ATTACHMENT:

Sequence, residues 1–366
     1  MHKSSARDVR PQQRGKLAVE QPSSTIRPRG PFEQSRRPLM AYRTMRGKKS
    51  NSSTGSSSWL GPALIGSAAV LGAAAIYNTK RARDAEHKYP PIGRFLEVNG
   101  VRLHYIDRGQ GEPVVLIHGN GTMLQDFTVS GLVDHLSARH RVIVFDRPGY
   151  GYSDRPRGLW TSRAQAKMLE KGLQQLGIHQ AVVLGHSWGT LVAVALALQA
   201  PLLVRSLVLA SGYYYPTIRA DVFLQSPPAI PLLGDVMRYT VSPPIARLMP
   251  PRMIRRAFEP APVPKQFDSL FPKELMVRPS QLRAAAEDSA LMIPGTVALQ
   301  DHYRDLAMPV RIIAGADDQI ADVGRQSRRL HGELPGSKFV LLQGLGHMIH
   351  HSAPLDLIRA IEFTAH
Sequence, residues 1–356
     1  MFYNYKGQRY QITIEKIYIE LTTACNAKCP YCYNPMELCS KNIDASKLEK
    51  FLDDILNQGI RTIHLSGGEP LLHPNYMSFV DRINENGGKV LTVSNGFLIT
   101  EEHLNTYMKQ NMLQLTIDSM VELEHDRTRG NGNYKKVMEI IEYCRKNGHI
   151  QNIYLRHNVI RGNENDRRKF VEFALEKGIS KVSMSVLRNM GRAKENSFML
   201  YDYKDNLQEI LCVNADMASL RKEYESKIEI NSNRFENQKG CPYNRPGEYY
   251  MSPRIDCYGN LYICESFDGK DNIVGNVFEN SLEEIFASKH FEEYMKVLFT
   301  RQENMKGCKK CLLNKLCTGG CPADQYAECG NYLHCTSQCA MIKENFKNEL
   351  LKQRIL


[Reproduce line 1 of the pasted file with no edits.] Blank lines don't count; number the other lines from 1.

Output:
Sequence, residues 1–366